Amancio D’Silva’s journey started in Parel. The son of an employee of Kohinoor Mills, he was the only brother in a family with five daughters, all of whom had names beginning with the letter A. He displayed an early talent for music, and that his interest was nurtured by an uncle named John Carvalho, who played in a band called the Highhatters.Carvalho helped D’Silva to learn how to play the banjo, though the boy later moved on to the guitar. His skills were sharpened when he joined the band at his school, Don Bosco’s in Matunga. Soon after, he was playing at Parsi weddings and at gymkhanas with the much-loved Nellie and Swing Band.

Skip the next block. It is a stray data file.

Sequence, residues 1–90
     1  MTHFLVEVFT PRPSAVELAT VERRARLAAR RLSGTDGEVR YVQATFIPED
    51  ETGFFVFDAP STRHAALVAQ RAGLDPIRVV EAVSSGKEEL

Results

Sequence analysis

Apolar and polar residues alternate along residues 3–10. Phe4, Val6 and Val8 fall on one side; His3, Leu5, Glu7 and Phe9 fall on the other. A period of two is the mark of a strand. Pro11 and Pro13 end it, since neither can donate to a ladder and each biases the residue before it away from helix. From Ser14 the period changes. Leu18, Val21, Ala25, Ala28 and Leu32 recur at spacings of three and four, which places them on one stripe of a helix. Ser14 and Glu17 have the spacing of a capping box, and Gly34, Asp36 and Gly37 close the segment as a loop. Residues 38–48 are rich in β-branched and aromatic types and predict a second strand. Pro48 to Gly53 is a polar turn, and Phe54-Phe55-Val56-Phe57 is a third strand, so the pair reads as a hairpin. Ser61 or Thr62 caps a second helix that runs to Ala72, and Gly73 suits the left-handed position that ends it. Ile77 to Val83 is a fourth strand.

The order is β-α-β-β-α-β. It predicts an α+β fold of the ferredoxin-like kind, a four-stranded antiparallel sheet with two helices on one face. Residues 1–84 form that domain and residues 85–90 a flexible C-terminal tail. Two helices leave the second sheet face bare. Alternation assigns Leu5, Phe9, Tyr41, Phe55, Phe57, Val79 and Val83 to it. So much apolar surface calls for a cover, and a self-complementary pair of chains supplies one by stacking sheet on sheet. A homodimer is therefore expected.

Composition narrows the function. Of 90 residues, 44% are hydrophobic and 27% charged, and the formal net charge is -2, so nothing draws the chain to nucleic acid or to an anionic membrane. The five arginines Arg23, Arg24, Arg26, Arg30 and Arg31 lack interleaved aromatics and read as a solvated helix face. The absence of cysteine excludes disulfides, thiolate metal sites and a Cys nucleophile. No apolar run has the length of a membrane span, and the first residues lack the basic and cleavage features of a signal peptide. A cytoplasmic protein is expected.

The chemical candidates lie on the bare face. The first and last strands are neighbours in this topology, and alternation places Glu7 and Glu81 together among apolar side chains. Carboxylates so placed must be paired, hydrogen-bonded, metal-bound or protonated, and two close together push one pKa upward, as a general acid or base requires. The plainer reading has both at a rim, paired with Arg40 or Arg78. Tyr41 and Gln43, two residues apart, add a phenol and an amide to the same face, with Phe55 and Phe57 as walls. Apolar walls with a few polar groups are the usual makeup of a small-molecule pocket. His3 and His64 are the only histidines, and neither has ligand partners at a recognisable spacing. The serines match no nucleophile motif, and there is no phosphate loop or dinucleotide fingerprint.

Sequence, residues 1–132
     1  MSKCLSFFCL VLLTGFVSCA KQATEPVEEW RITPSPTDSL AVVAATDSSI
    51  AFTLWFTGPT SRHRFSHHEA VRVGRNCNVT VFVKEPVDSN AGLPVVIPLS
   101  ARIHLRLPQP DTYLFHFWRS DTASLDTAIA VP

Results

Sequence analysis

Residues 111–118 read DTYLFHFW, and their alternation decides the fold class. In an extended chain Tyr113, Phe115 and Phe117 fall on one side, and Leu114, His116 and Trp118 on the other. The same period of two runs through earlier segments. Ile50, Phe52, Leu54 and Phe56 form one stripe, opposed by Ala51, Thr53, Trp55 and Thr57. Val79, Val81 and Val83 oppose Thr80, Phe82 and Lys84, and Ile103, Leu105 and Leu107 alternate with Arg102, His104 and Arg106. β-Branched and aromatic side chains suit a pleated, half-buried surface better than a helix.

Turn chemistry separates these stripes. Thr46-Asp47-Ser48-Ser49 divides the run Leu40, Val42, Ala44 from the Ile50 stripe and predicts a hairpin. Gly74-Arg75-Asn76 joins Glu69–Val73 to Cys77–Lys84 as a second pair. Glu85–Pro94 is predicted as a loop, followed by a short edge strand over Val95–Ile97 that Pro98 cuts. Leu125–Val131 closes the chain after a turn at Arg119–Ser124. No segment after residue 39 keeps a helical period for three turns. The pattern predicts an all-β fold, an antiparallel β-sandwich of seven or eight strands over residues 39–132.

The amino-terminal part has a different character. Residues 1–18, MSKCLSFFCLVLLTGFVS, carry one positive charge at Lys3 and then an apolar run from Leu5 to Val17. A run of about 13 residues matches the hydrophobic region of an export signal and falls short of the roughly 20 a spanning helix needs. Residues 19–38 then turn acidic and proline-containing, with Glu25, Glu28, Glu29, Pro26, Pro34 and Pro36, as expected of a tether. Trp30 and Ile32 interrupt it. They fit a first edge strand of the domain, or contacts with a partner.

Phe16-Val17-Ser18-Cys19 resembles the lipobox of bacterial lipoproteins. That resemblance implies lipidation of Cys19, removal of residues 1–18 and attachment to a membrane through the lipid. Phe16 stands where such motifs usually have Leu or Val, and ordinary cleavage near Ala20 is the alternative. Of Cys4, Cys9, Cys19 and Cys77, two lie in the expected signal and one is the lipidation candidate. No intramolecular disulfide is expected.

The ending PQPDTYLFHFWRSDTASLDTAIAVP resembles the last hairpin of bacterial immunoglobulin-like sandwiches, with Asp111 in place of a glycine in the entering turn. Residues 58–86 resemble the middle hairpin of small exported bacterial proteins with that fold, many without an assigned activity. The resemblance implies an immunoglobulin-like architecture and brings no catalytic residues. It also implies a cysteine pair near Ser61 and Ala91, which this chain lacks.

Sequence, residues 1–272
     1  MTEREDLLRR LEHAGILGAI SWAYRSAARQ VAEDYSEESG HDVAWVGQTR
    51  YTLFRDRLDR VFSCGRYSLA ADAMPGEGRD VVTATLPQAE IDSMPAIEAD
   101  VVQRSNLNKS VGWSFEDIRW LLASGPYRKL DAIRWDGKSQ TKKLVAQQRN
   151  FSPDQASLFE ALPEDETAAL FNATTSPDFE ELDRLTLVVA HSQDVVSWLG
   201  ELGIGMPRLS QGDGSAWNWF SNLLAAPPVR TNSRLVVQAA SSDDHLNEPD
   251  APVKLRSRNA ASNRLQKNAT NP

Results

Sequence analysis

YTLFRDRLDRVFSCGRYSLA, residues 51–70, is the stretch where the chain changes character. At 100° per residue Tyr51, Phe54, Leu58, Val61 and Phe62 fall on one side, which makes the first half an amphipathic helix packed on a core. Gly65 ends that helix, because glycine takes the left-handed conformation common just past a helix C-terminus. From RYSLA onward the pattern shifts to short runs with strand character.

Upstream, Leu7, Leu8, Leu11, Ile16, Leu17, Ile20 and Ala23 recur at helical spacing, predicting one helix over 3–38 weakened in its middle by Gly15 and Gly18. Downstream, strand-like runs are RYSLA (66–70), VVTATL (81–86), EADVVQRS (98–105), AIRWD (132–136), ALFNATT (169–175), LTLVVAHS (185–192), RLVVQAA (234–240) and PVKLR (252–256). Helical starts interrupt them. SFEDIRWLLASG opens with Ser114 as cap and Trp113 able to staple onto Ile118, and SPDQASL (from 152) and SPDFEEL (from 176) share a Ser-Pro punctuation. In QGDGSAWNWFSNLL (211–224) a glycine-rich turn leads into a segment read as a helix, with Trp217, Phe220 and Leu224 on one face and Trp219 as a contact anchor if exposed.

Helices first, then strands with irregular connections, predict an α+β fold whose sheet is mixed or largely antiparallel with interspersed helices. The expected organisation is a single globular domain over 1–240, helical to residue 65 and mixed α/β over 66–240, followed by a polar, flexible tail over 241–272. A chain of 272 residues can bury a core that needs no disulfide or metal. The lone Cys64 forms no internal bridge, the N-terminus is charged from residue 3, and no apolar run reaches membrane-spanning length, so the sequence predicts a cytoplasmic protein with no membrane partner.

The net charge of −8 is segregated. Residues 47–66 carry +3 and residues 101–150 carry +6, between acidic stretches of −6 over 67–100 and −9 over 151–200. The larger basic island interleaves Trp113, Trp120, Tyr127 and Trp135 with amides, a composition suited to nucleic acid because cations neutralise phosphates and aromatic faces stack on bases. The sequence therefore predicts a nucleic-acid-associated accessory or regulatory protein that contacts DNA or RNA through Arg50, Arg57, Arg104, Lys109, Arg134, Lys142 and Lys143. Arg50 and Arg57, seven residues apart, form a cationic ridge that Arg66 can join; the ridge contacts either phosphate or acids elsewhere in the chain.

By his early twenties, he was touring with his own group, playing in Delhi, Nainital and Mussoorie. D’Silva probably sharpened his ear for Hindustani sounds when he, like many Goan jazz musicians of his age, worked in Hindi films studios by day, to supplement his income from jazz clubs. Among others, D’Silva worked with Laxmikant and Pyarelal.